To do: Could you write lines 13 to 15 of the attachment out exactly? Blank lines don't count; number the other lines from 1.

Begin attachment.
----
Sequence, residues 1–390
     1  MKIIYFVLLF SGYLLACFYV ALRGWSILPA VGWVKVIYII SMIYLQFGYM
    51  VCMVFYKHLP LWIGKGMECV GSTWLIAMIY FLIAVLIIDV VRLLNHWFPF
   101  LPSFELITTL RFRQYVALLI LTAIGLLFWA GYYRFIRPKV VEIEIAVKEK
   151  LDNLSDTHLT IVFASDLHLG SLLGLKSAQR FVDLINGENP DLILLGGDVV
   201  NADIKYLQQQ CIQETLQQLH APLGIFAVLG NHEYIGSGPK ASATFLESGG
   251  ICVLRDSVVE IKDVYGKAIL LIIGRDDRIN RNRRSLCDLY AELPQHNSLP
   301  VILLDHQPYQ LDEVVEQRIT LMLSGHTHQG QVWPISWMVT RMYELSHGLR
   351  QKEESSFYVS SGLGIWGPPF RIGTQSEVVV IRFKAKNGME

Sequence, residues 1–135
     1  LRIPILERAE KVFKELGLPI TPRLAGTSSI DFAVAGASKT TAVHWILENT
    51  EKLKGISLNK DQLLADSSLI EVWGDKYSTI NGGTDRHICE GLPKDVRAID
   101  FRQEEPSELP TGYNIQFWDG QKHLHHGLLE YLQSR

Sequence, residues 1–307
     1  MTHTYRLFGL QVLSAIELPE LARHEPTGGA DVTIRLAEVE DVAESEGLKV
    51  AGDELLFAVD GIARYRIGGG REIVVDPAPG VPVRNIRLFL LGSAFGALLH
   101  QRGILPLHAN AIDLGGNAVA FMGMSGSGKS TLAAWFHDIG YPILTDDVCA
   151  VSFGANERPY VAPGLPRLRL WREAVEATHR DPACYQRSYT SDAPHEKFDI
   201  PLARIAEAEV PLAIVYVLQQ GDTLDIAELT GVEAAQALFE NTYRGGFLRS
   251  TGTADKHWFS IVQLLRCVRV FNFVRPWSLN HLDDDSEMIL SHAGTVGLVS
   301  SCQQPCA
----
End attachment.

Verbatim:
   101  FRQEEPSELP TGYNIQFWDG QKHLHHGLLE YLQSR

Sequence, residues 1–307
     1  MTHTYRLFGL QVLSAIELPE LARHEPTGGA DVTIRLAEVE DVAESEGLKV